6. My mother called me at work on 12/29/08 to tell me that the heron was back! She saw it eat a frog! The 1800 gallon is mostly covered so he was just sitting on top of the net. But, the 153 gallon was sans net. I told her to toss it on there with me securing it when I got home. I was home for five days straight (the most time off I've had in about seven years, although only two of those days were vacation, one holiday, and two weekend); the heron didn't show up then, instead waiting until I was gone. When I got home, I took off the net my parents put on (they picked the wrong one) and anchored in the net that used to be on the 153 gallon. I saw the heron flying away. The next morning, I walked up to the 1800 gallon pond to find him standing on the net in the middle. If my parents and money weren't an issue, I would fence the entire pond in from the sides and top, keeping out the herons and deer. That would be so nice!

7. On 12/31/08, the winds were horrid, some gusts over 50 mph! Leaves were everywhere. They filled a quarter of the 1800 gallon pond's surface which flash froze that night. The leaves were stuck in there but on 1/1/09, I tried to get up the ones in the waterfall area.

8. On 1/02/09, my mother called me at work to ask if she should get live feeder goldfish to feed the great blue heron who looked so forlorn standing on my pond nets. She was afraid he would starve. I told her no way. She asked about dead fish; I told her he would not eat them. She said she was getting the live goldfish. There is/was no stopping her when she gets her ideas. When I came home from work, there were 21 feeder goldfish in a kiddie pool only two feet from my 153 gallon pond. They had been dumped from their filthy 75 degree F water in to 40 degree F clean well water with no aeration or preparation. A few were already dead. My mother insisted the heron was coming. I moved the kiddie pool further away from my pond; the last thing I wanted was that contaminated water in my ponds! That night, it went below freezing. There was half an inch of ice on the kiddie pool. Amazingly, some goldfish were alive. The heron was not around. I just could not leave them there. So, I put on plastic disposable gloves, broke and tossed the ice, and touched each fish. I remove the seven fish who responded. I set up my largest spare aquarium which is only 10 gallons. It includes lid, fluorescent light, Penguin Mini filter, a plastic hiding cave, and an air bar. I added only aquarium salt (a tablespoon per 5 gallons), Stress-Coat, and Stress-Zyme at this time. In a few days, I will treat them for ick and bacterial infections. They do not appear to have ick spots, or at least not a lot. They are anorexic as are most feeder fish. I will try to find someone who wants them in the spring. If not, I guess I will have to risk putting them in the 1800 gallon pond which is overcrowded. Even with treatment, they could still be carrying bacteria, parasites, and so on since I cannot treat for everything nor are all treatments successful. Some diseases are latent like fish tuberculosis. Of course, all my fish have already been exposed to that so that does not worry me much. My father said I should have left them out there to freeze to death. My mother said, "After you rehabilitate the fish, you can put them back outside on a warm day for the heron to eat." That made me mad. I am not going to invest all the time and effort to make them healthy just to have them killed. Already 13 fish have died. A few hours later, my mother said, "It's a miracle!" She said two more fish were moving. I brought them in; one died almost immediately (mouth agape, no movement, stuck to the intake; that is dead; I know). Of the eight fish I am now stuck with in a way-too-small 10 gallon tank, five of them are orange, two are bronze (which will eventually change to orange), and one is white. There were fancier common goldfish in the group; they were all among the victims. It is going to be a challenge to keep the ammonia down on this tank; it is overcrowded! What they went through is a lesson in what not to do to fish. How any survived such temperature shock is really a miracle. These are some hardy fish!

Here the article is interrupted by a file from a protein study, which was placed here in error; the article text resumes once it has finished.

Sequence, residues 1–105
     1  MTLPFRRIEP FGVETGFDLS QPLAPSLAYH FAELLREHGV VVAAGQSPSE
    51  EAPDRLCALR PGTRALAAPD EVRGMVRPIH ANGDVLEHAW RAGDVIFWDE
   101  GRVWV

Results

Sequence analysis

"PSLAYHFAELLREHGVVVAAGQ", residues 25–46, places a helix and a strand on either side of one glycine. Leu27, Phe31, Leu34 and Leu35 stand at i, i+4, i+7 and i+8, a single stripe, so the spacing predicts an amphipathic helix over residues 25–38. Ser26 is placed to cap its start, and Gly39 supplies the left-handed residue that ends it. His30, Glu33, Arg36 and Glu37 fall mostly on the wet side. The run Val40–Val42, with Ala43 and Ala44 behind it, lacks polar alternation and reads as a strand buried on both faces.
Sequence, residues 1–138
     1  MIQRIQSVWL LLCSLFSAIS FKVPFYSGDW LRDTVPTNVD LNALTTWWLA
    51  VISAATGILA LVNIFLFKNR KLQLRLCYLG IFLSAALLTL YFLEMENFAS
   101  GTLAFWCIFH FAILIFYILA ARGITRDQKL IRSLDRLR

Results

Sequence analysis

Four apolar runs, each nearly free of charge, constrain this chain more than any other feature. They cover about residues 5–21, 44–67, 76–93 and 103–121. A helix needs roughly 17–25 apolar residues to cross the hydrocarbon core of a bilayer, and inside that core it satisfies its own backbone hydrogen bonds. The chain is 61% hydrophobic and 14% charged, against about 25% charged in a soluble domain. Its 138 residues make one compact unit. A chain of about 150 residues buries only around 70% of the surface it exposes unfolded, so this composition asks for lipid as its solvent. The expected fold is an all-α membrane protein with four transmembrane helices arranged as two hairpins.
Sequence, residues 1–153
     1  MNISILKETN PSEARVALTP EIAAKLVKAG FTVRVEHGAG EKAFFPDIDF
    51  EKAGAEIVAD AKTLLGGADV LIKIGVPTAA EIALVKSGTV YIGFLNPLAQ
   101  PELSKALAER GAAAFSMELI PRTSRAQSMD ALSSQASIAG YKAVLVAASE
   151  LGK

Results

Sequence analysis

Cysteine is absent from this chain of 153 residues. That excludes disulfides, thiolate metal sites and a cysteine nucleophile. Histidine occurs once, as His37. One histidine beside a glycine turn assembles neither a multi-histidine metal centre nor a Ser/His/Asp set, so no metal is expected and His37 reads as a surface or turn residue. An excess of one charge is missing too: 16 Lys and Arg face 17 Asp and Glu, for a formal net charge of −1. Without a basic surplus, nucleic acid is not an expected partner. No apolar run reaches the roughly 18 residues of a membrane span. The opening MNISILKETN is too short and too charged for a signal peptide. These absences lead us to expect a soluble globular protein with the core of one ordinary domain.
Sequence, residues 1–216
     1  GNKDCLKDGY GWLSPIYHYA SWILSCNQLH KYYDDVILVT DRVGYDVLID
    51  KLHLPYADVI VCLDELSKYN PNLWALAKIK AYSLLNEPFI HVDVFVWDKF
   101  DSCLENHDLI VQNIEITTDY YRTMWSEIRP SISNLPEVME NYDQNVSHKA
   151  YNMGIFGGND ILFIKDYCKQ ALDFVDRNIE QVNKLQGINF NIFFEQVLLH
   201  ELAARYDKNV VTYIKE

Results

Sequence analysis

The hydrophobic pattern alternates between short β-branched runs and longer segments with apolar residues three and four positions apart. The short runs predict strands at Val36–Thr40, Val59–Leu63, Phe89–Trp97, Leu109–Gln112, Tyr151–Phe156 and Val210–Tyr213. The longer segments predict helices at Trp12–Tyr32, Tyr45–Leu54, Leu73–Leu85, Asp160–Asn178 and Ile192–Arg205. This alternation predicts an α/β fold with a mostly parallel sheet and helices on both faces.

9. Mac and Kojak were healthy and thriving. On 1/3/09 (the day I am sending out the newsletter), I cleaned their pond as I did every Saturday. Kojak was dashing around as always since they get scared when I clean the pond. Wait, where was Mac? I looked around the pond; she was gone. The pond is netted but there are some small gaps in a few places. I looked around outside the pond but there are so many obstacles that I saw nothing. A little bit later, I pulled out the electrical cord to the cat water fountain. Out with it came Mac. From the looks of her, she had been dead two days. I am so upset. She was gorgeous, my dream koi. She jumped out a tiny gap at the edge of the net which I tried to make smaller (at that time and previously). If only I had been around when she jumped, I might have seen her in time. If she had landed anywhere else, the cats would have chewed on her but she was hidden behind the litter pan backdrops (which keep the litter out of the pond when the cats kick it). Kojak is now alone and lonely. It was not meant to be for me to have the Sanke I wanted. I will try to put it out of my head, added to my list of things I cannot have. My mother said that the eight sick common goldfish would replace Mac!

Pond Tidbits:

1. None this month.

Web Sites of Interest:

1. http://www.troutnut.com/ - this site about fishing trout may not seem to appeal to people like me who cherish fish instead of eating them but the site has a very large section on aquatic insects and animals with some really nice photos. The photo collection is quite extensive so it can help with aquatic macroinvertebrate identification. This page is an example:

What's your favorite pond-related web site(s)?
Do you have a web site you want me to mention here?